Eating what is cooked and served in a caring way evokes one of our first experiences of feeling at home in the world, the experience of being fed by another being. That is one reason that cooking and eating with others can heal the adult self, one reason that it can so easily make us feel connected to another person, a family, a culture, a political community.
How do you peel a walnut?" my daughter asked as she looked, not too happily, at the mound of nuts on the kitchen table. We'd spent three days in the kitchen laboring over the 12 dishes we'd planned for a large buffet, and chiles en nogada, or chiles in walnut sauce, were the final stage of our cooking marathon. That very evening some forty faculty and students from all over campus would be arriving to celebrate our new multicultural graduate program, and if any dish could instill a sense of community it would be chiles en nogada.
Making simple recipes like tacos de crema, macaroni with serrano chiles, and refried beans had been easy and even pleasurable, but the chiles in walnut sauce were posing a challenge. I'd combined Frida Kahlo's recipe with one I'd taken from the internet, and the latter called on us to peel the walnuts before pulverizing them for the sauce.
"Mom," said Hannah, rubbing at one of the walnuts, "this brown stuff isn't coming off."
"This is a window into the lives of generations of women," I said, ineffectually scrubbing another walnut with my fingers. "Can you imagine how much time they spent working in kitchens?"
"I love cooking with you like this," Hannah had said when we first began.
"I love it too," I'd said. Our years of cooking together and of struggling through difficult recipes had created a strong sense of solidarity.
We decided not to peel the walnuts, since Frida's recipe didn't call for it, but we did roast the two dozen poblano chiles and then pulled off their skins. Then we chopped a picadillo out of shredded meat, fruits, nuts and cinnamon, and, cradling the chiles in our hands, began to stuff them with the sweet and savory mix. We were treating those chiles as if they'd just been born, but, despite our labor, they were developing some ugly splits. We decided not to flour them, coat them in egg mix, and then fry them in hot oil as Frida's recipe required.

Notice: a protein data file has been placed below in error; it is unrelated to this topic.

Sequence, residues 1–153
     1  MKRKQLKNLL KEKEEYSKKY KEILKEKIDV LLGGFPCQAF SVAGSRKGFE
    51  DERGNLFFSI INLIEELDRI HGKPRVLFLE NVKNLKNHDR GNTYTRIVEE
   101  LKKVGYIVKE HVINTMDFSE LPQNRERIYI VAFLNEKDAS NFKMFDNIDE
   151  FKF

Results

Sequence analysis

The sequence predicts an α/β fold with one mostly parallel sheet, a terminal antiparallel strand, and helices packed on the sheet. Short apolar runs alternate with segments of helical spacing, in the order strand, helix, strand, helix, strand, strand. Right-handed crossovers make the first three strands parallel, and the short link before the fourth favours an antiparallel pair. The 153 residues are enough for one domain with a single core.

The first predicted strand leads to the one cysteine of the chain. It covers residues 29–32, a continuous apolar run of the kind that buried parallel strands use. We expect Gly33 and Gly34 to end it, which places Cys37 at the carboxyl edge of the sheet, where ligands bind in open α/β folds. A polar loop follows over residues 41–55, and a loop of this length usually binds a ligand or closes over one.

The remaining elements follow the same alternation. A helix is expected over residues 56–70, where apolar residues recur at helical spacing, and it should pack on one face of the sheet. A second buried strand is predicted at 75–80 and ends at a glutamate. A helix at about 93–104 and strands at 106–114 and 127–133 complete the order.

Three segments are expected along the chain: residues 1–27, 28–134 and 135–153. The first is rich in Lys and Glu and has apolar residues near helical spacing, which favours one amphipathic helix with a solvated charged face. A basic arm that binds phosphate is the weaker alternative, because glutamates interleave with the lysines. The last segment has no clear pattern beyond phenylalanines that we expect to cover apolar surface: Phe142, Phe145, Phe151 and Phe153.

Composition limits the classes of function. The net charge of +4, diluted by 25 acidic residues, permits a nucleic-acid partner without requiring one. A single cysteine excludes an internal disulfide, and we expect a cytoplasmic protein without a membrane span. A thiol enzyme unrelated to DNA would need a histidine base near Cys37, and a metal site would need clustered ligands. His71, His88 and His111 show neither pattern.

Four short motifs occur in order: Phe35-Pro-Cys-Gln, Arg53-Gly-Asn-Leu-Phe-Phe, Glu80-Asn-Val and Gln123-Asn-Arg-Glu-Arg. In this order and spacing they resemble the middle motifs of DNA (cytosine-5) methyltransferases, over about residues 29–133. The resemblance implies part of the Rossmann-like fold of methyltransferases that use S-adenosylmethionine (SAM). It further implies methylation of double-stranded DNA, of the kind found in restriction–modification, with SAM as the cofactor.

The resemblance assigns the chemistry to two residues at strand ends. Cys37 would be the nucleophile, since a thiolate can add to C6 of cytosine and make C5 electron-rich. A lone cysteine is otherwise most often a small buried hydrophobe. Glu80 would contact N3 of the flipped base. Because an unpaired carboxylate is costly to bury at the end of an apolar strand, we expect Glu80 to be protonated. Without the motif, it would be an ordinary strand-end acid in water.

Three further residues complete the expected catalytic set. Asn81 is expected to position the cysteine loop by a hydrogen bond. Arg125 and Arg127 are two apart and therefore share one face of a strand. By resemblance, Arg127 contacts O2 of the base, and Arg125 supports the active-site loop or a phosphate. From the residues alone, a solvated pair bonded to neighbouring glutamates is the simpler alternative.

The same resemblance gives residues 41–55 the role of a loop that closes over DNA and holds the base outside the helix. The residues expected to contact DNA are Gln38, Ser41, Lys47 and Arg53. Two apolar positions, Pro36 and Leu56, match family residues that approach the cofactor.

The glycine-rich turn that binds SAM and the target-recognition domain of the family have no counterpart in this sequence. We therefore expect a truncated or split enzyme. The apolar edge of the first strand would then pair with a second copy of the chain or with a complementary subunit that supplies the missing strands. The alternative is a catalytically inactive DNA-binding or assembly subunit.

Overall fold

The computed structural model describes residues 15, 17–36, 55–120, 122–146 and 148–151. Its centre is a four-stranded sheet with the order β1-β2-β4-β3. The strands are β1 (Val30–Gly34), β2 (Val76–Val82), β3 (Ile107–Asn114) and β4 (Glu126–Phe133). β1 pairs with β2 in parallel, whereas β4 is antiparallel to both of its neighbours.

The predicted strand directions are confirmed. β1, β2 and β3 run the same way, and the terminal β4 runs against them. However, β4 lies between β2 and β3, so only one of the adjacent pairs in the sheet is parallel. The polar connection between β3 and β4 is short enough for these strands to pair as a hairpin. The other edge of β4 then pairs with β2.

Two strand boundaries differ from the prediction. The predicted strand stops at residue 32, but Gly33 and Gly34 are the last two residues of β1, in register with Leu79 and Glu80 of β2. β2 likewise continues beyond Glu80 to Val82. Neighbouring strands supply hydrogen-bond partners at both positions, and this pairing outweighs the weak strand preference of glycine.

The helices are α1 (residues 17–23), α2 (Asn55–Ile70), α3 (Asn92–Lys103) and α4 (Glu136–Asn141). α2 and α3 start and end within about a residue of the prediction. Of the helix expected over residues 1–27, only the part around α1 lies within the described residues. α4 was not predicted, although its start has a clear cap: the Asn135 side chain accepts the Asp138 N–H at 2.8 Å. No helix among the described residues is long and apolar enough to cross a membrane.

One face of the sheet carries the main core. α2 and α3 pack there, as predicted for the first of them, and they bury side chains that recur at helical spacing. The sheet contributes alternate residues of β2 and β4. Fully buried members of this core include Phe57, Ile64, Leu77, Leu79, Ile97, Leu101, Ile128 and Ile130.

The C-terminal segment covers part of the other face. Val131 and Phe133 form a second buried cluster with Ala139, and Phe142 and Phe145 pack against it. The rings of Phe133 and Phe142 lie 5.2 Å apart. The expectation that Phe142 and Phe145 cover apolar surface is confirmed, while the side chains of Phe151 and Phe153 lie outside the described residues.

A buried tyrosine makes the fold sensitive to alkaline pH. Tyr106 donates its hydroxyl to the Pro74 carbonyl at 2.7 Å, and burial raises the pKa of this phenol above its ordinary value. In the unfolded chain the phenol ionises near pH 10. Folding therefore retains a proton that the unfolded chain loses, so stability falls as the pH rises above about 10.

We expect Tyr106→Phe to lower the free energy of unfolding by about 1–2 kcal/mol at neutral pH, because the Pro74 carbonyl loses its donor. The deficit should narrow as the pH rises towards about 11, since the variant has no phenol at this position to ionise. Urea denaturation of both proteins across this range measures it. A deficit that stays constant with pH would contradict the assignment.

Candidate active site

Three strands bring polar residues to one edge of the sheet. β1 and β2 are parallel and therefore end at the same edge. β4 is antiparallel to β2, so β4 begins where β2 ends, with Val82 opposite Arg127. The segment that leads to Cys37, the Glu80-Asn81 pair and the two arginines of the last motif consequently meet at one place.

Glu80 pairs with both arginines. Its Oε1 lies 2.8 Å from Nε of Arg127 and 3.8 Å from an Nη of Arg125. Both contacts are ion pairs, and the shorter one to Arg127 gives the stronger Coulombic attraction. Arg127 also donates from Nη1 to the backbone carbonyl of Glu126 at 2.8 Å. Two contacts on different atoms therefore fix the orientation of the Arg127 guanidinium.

"It's too risky," I said, entertaining grim visions of the chiles bursting their sides and spilling their colorful innards into a smoky pool of oil. Did Frida fry her own chiles, I wondered. Then came the sauce-easy, sweet, and cool. Four cups of (unpeeled) walnuts pureed with cream cheese, Mexican crema, cinnamon, and a fragrant half cup of sherry. Finally, seeds from six pomegranates and sprigs of parsley to go on top. Red, white, and green-the colors of the Mexican flag.
I had been thinking about a Mexican novel for the entire three days, Laura Esquivel's Like Water for Chocolate. I'd been imagining Hannah and me as Tita and Chenca, two characters who spend much of their lives in the kitchen. A takeoff on nineteenth-century Mexican romance, Like Water is a novel about love and also a novel about politics, the latter being represented by the Mexican Revolution and the ongoing struggle of Tita and her sister Gertrude against patriarchal culture.